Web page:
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Serving Court Papers

Why must I serve court papers?

To start a case in Family Court, you must file a petition (pe-TI-shun). A petition is when you ask the court to make a decision about something. The person who starts a case is called the petitioner (pe-TI-shun-er). The person on the other side of the case is called the respondent (re-SPON-dent). After you file a petition, the respondent must be told about the case.

You do this by having the court papers handed directly to the respondent. This is called personal service (PER-son-al SER-vis). It can also be called giving the respondent notice of the case. The court has very strict rules about how to serve papers. If papers are not served correctly, your case will not move forward.

Who can serve the papers?

You are NOT allowed to personally serve papers in your own case. Any person 18 years or older may serve papers, except the petitioner or respondent in your case. The person can be a friend, relative, or anyone else. You can also hire a professional to serve the papers for you. They are listed in the phone book under Process Servers. The Office of the Sheriff will also deliver papers for a fee.

When can papers be served?

In general, all papers can be served any day of the week except Sunday. They must be served at least eight days before the court date.

A petition that includes an order of protection can be served any day of the week, even Sunday, at any time. It must be served at least 24 hours before the court date.

Certain papers, such as an order to show cause, might include specific directions from the judge about when and how they must be served. You should follow these directions exactly.

Can I start a case if I do not know where the respondent is?

Yes. You will have time to try to find the respondent or hire a process server to look for the respondent and serve the papers for you.

What happens if I cannot find the respondent?

If the court date comes and you have not been able to serve the papers, you should give the judge a written list of all of the ways you tried to serve the respondent. The list should include dates and places where you tried to have the respondent served. Places can include the home, the place of work, or the school of the respondent, or any place else where you think the respondent may be. The judge may set a new date for the case and ask you to keep trying. Or the judge may say you can serve the papers in another way. This is called alternate service.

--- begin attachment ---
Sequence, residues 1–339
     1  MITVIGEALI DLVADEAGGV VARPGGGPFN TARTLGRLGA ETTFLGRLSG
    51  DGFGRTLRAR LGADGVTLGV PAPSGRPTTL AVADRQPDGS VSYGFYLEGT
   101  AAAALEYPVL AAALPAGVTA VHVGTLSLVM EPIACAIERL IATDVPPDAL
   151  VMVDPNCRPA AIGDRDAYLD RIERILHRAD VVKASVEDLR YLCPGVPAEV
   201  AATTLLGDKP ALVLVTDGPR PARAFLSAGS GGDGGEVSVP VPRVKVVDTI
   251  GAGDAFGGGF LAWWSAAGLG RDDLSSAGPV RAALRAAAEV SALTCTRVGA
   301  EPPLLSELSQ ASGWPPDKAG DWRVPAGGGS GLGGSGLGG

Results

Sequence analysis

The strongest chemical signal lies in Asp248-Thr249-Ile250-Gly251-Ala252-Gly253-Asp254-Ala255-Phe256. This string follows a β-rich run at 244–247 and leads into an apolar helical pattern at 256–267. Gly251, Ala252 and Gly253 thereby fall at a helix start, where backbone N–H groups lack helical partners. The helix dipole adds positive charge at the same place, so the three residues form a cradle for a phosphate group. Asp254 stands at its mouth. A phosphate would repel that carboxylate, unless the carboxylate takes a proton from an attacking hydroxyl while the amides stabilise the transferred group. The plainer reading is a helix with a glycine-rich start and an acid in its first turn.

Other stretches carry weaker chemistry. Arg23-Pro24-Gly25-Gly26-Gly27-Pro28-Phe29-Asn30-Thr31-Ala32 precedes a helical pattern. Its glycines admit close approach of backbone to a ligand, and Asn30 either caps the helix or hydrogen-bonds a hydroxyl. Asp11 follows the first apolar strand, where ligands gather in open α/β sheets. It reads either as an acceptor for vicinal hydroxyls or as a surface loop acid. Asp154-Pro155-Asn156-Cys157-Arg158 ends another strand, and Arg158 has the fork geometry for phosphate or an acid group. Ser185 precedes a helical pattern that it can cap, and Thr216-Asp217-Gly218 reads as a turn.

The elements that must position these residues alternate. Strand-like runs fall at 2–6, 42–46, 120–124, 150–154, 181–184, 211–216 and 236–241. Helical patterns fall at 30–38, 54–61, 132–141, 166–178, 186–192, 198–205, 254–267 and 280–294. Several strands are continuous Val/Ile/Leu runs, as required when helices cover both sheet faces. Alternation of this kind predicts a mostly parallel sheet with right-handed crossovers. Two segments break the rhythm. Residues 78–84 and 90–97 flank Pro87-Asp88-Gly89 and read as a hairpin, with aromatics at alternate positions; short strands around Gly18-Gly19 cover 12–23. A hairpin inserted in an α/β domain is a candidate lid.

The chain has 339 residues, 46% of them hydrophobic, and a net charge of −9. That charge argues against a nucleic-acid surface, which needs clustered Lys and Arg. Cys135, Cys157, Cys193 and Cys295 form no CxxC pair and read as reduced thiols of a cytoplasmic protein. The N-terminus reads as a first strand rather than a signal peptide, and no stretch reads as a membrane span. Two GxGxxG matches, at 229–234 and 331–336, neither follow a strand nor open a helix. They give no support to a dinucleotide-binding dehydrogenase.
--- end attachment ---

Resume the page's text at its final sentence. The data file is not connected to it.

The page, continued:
What are other ways to serve papers?

Alternate service might be:

  • Serving a person who works with the respondent who will give the papers to the respondent
  • Serving someone at the home of the respondent who will give the papers to the respondent
  • Placing an advertisement in a newspaper
  • Attaching the papers to the front door of the respondent

The judge can tell you how to serve the respondent. You must serve the respondent the way the judge tells you to. You cannot serve in any of these ways if the judge does not give you permission.

When you use alternate service, you should also send a copy of the papers by certified mail / return receipt requested (SUR-ti-fiyd mayl / ri-TURN re-SEET ree-KWES-ted) to the last residence you can find for the respondent. The post office will tell you how to do this. This is very important. If the respondent does not show up at the next court date, you can give the court a copy of the certified mail receipt signed by the respondent to prove that he or she received the papers. This proof, combined with one of the above ways of serving, will allow your case to go forward.

What papers do I have to serve?

Before you leave the courthouse on the day you start your case, you will pick up papers from the CAP Unit or Self-Represented Service Division. You must serve the respondent with a copy of all these papers. Often, they will include:

  • A summons or an order to show cause. A summons tells the respondent to appear in court on a certain date. An order to show cause tells the respondent to respond to certain issues in court on a certain date.